III.  There is cessation of suffering (Nirodha) – Nirodha means cessation, to end suffering.  After becoming aware of the root of suffering we are encouraged in the practice to stop doing the things that make us suffer.  More specifically be aware of our actions through body, mind, and speech.

IV. There is a path leading to the end of suffering (Magga).  Magga means path in Sanskrit – path of awakening.  There is a path out of suffering that can shift our tendency from suffering toward liberation.  It is commonly called the Noble Eightfold Path.   The path includes Right View or understanding, Right Intention, Right Speech, Right Action, Right Livelihood, Right Effort, Right Mindfulness, and Right Concentration.

The word, “right” has been used as a translation of the Pali word samma that appears in Buddha’s original sermon (or sutra- teaching).  Samma has also been translated to mean perfect or complete.   However, it literally stands for the quietude of citta or mind upon itself.  The entire path is samma, every aspect of the path has samma, one’s whole life is samma. The complete or perfect knowing of the whole series of each moment of our lives is samma.  Therefore, for the sake of avoiding a sense of right and wrong or confusing this path with rules, I prefer to use the word “complete” in the place of right.  Complete refers to doing what is beneficial to living an awakened life, living in a way that does not cause suffering.  The path aligns with actions of the body, speech and heart-mind.

The ancient Eightfold Path espoused by Shakyamuni Buddha is such a path in which the vow is to awaken to life as we are living it or to awaken to suffering.  It is a vow so expansive it includes not only our own suffering but also the suffering of others.  It is vow that is not meant to be an achievement we boast about with our friends but rather an inexhaustible commitment to embrace the path despite our being weary.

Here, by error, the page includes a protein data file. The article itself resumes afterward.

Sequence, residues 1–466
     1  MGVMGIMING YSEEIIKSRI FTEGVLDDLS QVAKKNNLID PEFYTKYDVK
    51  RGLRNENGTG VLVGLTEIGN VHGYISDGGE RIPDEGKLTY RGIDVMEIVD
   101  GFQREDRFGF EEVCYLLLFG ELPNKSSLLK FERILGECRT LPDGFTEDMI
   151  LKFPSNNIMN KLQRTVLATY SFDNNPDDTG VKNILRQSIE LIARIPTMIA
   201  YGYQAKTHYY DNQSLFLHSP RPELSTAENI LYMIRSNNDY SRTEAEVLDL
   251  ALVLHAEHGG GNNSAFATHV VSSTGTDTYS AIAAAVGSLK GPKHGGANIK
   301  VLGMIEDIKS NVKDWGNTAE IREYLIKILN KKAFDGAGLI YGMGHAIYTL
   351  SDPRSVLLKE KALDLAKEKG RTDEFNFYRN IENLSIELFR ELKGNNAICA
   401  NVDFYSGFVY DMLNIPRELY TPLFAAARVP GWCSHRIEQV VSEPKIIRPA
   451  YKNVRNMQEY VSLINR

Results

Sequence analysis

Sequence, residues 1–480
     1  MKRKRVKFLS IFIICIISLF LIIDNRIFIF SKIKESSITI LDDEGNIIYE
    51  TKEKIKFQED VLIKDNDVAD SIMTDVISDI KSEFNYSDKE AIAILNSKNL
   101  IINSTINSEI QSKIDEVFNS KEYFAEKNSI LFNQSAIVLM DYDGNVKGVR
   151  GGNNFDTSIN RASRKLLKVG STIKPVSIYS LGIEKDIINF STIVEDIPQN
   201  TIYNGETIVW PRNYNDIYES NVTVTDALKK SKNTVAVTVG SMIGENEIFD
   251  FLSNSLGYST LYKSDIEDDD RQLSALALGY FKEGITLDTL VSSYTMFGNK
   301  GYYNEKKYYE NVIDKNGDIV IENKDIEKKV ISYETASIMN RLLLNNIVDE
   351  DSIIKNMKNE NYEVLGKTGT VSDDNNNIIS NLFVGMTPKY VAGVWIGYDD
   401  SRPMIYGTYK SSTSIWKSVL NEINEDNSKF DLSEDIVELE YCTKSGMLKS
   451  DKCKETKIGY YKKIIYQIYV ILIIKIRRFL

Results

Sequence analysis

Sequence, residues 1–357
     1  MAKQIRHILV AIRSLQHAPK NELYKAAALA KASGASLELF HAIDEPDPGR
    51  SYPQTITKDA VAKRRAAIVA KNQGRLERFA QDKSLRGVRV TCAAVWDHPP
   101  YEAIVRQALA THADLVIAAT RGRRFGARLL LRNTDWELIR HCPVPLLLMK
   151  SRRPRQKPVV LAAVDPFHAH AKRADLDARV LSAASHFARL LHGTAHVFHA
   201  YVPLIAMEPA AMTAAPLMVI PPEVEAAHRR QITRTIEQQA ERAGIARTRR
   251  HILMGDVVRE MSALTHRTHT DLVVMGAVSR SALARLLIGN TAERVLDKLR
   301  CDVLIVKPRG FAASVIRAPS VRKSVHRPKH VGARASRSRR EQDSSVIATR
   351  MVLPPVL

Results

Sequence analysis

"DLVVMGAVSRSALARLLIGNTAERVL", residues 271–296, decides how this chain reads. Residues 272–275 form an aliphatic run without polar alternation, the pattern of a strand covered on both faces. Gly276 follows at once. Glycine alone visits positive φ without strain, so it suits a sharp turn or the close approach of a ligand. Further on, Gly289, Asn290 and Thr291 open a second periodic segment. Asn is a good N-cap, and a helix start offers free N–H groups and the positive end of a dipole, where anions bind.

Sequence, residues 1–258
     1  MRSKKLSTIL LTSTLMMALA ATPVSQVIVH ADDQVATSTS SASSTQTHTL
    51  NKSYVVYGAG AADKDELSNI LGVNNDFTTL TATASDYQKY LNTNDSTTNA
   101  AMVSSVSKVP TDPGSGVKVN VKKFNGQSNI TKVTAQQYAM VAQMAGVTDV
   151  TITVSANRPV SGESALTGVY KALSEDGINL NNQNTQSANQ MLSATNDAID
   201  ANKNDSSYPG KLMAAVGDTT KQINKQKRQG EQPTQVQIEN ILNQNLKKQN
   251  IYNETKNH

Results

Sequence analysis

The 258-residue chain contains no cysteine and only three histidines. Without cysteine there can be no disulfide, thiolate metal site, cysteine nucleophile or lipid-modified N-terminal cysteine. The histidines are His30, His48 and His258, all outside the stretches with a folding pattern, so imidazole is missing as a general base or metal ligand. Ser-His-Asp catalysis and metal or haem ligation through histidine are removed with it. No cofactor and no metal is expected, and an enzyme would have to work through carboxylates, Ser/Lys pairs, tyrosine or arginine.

Walking the Eightfold Path is a vow to break the surface of things that have obstructed our liberation from the constant yearning for pleasure, power and prosperity.  It is a path that has little to do with being strong and courageous but rather one in which the fragility, vulnerability, and soft centers of our hearts are revealed in the transformation and evolution of life.

Yet, this path cannot be taught as it is wisdom that must surface within your own life. You can only bring it alive with the actions of your life.  You cannot just memorize it or find techniques of speaking and behaving liberated.  The path can only be engaged in your living it.  It can only be engaged as an awakening of your own doing.  It is difficult to grasp because it goes against our instincts to figure things out with our brains.  We might say, “I don’t want to do this until I know what it is.”  Some might say, “Prove that this will work when all else has failed us.”  We are stymied by our instinct to doubt its legitimacy.  For these reason there exist practices such as meditation and sacred time like vision quests to help pry open the closed doors of our lives.

At first glance, the teachings on the Four Noble Truths appear simple, but to understand how suffering arises and ceases can take a lifetime.  There is a chart of the Eightfold Path at the back of the book.  For further reading on these teachings I suggest The Heart of the Buddha’s Teachings by Thich Nhat Hanh.